Background: The mechanisms for heightened nocturnal inflammation in patients with nocturnal asthma (NA) are not well understood.
Objective: We sought to determine the glucocorticoid receptor (GR) characteristics and steroid responsiveness in subjects with NA.
Methods: Eleven subjects with NA, 12 subjects with nonnocturnal asthma (NNA), and 16 nonasthmatic control subjects underwent blood sampling at 4 pm and 4 am in a random order separated by 1 week. GR binding affinity was measured in PBMCs by using a [3H]-dexamethasone (DX) radioligand binding assay and Scatchard analysis. The capacity of hydrocortisone (HC) and DX to suppress proliferation of PBMCs stimulated with PHA was also determined.
Results: The subjects with NA exhibited a significantly lower GR binding affinity at 4 am, detected by an elevated dissociation constant (Kd) of 22.2 +/- 1.6 nmol/L compared with Kd at 4 pm (10.9 +/- 0.7 nmol/L; P =.0001). The GR Kd of the NNA and control groups did not change significantly from 4 pm to 4 am. Within the NA group, there was also a significant inverse correlation between the absolute FEV1 at 4 am and the Kd at 4 am (r = -0.65, P =.04). PBMCs from subjects with NA exhibited less suppression of PBMC proliferation with HC and DX at 4 am compared with that at 4 pm (P =.0004 and.03 for HC and DX, respectively). There were no circadian changes in suppression of PBMC proliferation in either the NNA or control groups.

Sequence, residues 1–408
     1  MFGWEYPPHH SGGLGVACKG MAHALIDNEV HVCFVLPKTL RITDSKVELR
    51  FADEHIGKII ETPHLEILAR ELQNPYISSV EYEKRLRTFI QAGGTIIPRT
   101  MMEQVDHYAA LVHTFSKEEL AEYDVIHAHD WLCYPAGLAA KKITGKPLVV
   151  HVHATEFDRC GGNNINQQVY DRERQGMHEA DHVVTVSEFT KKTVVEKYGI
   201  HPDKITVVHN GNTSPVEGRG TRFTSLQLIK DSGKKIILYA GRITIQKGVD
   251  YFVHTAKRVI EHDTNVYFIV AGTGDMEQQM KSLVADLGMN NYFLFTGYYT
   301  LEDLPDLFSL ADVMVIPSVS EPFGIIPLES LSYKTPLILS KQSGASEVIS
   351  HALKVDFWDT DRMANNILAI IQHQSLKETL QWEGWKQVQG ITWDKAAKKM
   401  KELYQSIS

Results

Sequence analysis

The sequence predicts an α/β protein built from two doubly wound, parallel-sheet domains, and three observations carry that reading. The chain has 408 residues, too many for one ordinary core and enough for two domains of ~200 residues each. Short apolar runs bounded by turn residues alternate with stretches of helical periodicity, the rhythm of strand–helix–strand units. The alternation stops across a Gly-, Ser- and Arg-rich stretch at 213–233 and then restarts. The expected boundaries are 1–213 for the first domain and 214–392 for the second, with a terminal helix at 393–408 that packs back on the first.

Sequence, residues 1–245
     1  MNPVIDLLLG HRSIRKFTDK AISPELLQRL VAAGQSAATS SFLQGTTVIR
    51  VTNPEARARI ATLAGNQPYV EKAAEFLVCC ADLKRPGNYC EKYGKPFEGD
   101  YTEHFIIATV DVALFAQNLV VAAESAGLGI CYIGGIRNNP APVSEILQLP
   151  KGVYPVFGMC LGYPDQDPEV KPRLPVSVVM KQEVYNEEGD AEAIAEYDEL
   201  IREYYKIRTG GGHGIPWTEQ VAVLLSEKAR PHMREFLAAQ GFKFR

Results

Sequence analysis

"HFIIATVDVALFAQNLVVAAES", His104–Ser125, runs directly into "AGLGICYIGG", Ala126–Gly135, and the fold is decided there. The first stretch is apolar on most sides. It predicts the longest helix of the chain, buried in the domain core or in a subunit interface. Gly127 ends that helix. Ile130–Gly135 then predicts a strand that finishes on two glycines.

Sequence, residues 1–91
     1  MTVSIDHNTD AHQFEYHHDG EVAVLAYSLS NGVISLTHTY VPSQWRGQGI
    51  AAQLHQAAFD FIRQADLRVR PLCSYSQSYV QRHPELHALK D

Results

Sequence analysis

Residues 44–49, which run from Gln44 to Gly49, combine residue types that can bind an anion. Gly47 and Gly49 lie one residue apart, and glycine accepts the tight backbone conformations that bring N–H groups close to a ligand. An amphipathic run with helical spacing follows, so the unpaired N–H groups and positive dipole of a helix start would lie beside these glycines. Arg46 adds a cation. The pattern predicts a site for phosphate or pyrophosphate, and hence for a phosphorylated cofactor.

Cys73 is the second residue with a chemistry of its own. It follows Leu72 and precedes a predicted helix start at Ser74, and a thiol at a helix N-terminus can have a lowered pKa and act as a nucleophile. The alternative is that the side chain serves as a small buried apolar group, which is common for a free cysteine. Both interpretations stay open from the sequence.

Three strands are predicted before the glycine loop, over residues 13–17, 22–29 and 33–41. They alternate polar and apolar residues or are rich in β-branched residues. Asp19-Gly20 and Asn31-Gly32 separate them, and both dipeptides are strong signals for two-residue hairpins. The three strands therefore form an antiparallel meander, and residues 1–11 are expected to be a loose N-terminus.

Conclusion: GR binding affinity and steroid responsiveness exhibit a circadian variation in subjects with NA, with a reduced GR binding affinity and suppression of PBMC proliferation at 4 am that is not observed in normal subjects or asthmatic subjects without nocturnal exacerbation. These observations may contribute to nocturnal airway inflammation by inhibiting the antiinflammatory effects of glucocorticoids.